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Let’s talk about death

After reading National Family Forum member Martin Boniface’s latest blog Where there’s a Will… I was keen to share my experiences on the topic.

Family Consultant, Liz Wilson, blogs.
Family Consultant, Liz Wilson, blogs.

I can’t remember a time when my parents didn’t worry about my brother and ‘what will happen to Kenny when we’re gone?’. This question kept them awake at night and was a hushed topic of conversation with other adults in a similar position.

Not only did they worry about Kenny’s future, but they worried about him being a burden on me and his other sisters. And this worrying about the future really prevented them from enjoying the present.

I don’t know any parents of people with learning disabilities and autism who don’t share this fear. I know a lot about the practicalities and yet I still haven’t finalised the will and financial deputyship for my daughter who has autism.

However, on an emotional level I feel a bit more confident as I know from experience that staying in touch with my brother isn’t a burden. I’m also lucky to have a big family in that respect.

Every day at work I see family members who continue to love, visit and support their relatives, and support staff who are especially dedicated to the people we support who have no family and do their best to make sure people don’t miss out on special occasions.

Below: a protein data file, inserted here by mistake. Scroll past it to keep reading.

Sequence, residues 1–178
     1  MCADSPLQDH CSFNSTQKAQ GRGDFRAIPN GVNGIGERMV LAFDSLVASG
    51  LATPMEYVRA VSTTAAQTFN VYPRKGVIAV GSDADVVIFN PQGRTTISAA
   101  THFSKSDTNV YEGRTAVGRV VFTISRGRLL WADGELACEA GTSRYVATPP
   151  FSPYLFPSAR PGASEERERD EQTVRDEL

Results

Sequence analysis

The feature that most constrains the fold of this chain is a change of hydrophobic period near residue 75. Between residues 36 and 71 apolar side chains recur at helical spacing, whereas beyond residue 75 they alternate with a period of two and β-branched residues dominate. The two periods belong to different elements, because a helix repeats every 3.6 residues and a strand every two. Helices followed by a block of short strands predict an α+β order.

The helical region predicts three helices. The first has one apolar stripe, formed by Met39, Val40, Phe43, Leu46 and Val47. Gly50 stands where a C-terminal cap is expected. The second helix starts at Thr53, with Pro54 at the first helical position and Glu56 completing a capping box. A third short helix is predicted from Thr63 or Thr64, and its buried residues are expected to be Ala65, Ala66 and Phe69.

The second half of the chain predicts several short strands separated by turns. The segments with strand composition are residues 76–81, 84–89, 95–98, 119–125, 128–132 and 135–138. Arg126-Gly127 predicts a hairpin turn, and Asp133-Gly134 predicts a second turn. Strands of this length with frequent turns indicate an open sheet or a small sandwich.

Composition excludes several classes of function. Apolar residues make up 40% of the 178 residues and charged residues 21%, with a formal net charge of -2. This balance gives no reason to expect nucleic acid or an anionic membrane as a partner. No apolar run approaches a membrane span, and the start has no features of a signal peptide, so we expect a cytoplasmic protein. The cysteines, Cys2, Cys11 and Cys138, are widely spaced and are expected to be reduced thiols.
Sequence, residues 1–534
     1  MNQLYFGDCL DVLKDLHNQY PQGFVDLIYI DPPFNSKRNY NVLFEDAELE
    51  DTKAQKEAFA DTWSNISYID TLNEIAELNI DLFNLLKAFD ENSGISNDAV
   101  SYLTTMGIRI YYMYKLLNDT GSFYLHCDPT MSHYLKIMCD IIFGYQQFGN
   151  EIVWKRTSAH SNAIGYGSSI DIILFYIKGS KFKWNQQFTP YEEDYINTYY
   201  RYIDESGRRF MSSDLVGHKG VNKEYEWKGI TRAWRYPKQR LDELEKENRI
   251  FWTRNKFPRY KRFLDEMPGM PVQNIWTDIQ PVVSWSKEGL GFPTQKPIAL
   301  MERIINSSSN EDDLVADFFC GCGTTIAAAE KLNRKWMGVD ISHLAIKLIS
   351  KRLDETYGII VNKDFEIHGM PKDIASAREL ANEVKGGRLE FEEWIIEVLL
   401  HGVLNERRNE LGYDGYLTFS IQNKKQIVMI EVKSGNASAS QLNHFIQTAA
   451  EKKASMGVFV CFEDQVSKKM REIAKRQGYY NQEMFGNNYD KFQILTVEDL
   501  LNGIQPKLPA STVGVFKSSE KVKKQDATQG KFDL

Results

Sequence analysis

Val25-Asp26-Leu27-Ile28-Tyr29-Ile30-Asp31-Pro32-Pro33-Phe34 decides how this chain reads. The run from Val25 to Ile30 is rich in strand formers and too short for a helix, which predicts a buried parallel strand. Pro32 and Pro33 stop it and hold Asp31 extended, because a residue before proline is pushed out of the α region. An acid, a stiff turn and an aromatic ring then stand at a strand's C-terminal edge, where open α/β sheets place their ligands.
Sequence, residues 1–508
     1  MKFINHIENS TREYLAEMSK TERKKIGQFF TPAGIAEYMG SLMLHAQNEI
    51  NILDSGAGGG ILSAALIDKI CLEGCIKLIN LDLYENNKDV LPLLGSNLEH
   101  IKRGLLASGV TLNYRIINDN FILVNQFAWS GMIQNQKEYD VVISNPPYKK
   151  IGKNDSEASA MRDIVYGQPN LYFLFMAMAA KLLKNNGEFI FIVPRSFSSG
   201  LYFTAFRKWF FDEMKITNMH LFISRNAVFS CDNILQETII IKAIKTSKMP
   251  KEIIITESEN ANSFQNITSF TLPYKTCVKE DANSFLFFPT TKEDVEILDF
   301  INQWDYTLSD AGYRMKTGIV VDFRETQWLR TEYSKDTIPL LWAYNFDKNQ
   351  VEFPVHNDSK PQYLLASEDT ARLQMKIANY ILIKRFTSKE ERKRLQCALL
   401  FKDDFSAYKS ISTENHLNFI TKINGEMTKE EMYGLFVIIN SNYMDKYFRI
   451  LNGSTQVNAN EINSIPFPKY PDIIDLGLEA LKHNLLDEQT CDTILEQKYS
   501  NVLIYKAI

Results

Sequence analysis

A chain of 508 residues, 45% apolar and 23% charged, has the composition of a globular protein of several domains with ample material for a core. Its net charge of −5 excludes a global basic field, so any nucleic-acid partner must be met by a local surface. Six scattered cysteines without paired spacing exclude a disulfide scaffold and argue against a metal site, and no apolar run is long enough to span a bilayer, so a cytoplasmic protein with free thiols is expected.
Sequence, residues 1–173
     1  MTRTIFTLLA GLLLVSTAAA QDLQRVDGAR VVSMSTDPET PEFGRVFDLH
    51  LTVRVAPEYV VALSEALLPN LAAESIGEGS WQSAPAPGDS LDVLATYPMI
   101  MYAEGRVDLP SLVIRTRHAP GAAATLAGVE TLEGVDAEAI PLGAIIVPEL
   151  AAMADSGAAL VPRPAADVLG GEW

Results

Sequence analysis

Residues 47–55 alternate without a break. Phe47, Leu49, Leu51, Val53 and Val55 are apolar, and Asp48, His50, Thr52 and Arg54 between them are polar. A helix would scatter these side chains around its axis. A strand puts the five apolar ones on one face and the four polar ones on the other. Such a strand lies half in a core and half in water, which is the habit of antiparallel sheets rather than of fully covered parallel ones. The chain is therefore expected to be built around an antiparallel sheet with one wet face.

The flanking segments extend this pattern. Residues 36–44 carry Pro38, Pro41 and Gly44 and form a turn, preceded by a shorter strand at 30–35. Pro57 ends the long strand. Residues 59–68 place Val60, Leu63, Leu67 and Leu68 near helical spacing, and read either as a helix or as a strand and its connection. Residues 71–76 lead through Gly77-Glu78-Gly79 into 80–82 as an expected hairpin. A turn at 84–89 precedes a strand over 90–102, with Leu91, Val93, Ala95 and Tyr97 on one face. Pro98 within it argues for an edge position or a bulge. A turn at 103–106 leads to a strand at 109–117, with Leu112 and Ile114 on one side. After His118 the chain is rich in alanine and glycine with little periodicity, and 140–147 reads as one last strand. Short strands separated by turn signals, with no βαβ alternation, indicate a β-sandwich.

A great example of this is the touching funeral service organised by our London team when a beloved Supported Living user passed away.

Talking about our own or our children’s death isn’t easy. It is a big taboo in Britain – I want to change that within Dimensions.

To start with, in the new year I will run a series of Death Cafes where small groups of relatives and staff can have open and respectful conversations with a view to helping us make the most of our lives.

The cafes will be followed up by practical information on wills and trusts and the different options of finance and welfare management offered by the Court of Protection.

You will have a chance to say what kind of funeral you would like for your relative and how you would like them to be supported when you die.

Alongside this we will be producing information to help staff talk to relatives about end of life issues so that we can support people well when a loved one dies and eventually with their own death.

One thing we can be sure of is that ignoring death won’t stop it! Please join us in talking about this sensitive subject. Tears are expected and welcomed. Don’t let fear of the future stop you enjoying the present.